Mary Turner goes up for three years on a crime she didn't commit. Once out she and former prison mates plan a scam in which old men can be sued for breach of promise - the "heart balm" ... See full summary »
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Mary Turner goes up for three years on a crime she didn't commit. Once out she and former prison mates plan a scam in which old men can be sued for breach of promise - the "heart balm" racket. After plotting verious ways to get back at the men who set her up initially, she softens and settles down. Written by
Ed Stephan <email@example.com>
As MGMs Depression era every-woman Joan Crawford plays another hard luck story against an unsympathetic system but in this one she is out for revenge.
Mary Turner is sent up the river for three years for a crime she did not commit. Her boss, Mr. Gilder has it within his power to reduce sentence but he smugly declines. In the big house Mary hardens and makes connections. She hooks up with former inmate Agnes Lynch ( scene stealer Marie Prevost) and a small time crook Joe Garson (Robert Armstrong) and together they begin to make a lucrative business out of bilking wealthy old fools. Mary snags a young one though; the son of Mr. Gilder, making her revenge complete. When Joe gets duped into an art heist the cushy racket begins to come unglued.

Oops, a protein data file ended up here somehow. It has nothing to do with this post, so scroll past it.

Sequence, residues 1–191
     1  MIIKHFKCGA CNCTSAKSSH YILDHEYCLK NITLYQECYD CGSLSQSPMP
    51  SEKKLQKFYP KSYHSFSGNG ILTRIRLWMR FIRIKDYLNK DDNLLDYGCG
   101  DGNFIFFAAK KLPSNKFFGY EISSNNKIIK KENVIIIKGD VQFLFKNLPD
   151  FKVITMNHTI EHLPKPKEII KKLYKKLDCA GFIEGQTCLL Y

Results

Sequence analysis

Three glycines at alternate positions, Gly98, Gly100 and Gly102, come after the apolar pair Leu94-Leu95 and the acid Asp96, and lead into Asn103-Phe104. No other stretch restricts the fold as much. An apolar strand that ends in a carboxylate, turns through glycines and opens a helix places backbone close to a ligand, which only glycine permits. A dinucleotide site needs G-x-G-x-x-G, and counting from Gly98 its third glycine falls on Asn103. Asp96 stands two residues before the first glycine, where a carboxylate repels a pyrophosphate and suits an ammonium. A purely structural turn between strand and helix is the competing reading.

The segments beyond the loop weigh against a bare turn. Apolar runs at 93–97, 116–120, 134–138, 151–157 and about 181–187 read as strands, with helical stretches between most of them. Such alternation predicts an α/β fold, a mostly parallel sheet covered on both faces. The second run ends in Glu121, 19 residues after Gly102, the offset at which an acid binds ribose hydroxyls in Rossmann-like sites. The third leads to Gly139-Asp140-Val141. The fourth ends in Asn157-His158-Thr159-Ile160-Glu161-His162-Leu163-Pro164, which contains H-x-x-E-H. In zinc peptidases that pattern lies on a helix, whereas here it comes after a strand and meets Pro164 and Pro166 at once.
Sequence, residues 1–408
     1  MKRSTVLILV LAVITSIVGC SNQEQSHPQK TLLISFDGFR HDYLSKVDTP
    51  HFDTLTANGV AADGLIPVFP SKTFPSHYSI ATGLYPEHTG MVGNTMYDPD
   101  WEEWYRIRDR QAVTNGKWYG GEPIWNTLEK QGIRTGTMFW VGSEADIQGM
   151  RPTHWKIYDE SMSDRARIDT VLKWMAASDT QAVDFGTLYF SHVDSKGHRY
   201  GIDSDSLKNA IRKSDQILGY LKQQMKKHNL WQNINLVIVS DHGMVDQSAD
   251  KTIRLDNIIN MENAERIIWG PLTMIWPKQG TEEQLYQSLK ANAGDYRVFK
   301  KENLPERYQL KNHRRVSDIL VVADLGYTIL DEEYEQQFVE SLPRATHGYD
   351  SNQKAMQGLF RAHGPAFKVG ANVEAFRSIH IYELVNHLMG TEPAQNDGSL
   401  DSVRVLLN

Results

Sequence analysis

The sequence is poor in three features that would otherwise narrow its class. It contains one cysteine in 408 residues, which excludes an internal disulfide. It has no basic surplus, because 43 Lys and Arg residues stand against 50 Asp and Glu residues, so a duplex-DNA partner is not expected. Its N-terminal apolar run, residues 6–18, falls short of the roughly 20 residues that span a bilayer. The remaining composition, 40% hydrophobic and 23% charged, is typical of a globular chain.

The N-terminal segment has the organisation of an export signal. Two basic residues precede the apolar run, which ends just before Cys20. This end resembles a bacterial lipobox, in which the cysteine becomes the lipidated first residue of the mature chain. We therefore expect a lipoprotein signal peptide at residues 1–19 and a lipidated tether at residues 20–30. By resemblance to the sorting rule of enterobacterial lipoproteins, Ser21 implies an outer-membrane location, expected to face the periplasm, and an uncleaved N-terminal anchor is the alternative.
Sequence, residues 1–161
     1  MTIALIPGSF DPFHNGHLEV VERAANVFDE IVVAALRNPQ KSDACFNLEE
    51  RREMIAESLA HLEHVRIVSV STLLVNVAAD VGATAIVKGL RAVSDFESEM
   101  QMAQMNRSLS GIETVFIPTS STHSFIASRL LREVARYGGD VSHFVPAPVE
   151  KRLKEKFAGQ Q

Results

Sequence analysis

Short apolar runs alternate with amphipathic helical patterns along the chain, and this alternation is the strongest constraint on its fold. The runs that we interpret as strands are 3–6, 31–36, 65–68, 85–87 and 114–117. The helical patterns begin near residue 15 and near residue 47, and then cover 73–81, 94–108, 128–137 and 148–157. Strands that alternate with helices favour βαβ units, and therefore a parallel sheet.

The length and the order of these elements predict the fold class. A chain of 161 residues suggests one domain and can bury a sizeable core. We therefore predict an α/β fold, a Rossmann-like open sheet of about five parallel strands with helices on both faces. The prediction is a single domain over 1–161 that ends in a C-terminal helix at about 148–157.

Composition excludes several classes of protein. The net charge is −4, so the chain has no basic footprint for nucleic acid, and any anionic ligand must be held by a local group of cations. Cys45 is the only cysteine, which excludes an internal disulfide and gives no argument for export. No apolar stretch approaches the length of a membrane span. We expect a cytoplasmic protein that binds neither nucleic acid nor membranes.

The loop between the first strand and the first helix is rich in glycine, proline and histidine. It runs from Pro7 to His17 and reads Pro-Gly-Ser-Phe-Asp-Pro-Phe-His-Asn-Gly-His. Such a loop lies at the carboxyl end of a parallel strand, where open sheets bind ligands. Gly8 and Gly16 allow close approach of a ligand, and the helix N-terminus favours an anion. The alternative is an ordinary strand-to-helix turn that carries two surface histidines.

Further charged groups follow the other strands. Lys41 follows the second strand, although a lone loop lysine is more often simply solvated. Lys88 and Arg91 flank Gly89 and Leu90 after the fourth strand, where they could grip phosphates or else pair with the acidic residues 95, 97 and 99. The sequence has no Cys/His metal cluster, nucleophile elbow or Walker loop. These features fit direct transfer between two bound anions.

Paid opens fast with Mary at her sentencing followed by a montage of degrading prison life. A broken woman she seeks out Agnes (already working a scam)and rises like a Phoenix with a hard as nails attitude and her self taught education in prison. In addition to the vivid prison scenes there are also some strong moments between Crawford and Armstrong as he feels her out. Once in the groove though Mary clearly takes charge especially the moment she announces to Gilder the elder she's hitched to her son.
When Mary goes soft so does the picture unfortunately and scenes go limp when the tough talk gets mawkish. There is a well edited and suspenseful heist scene and a superb in your face death scene where a mug takes his omerta oath to the grave as well as some lines of raw bias that contribute to the film's pre-code hard edge but when Crawford abandons her cynical self assured side and returns to the tremulous voice of the first reel Paid ends up shortchanging you.
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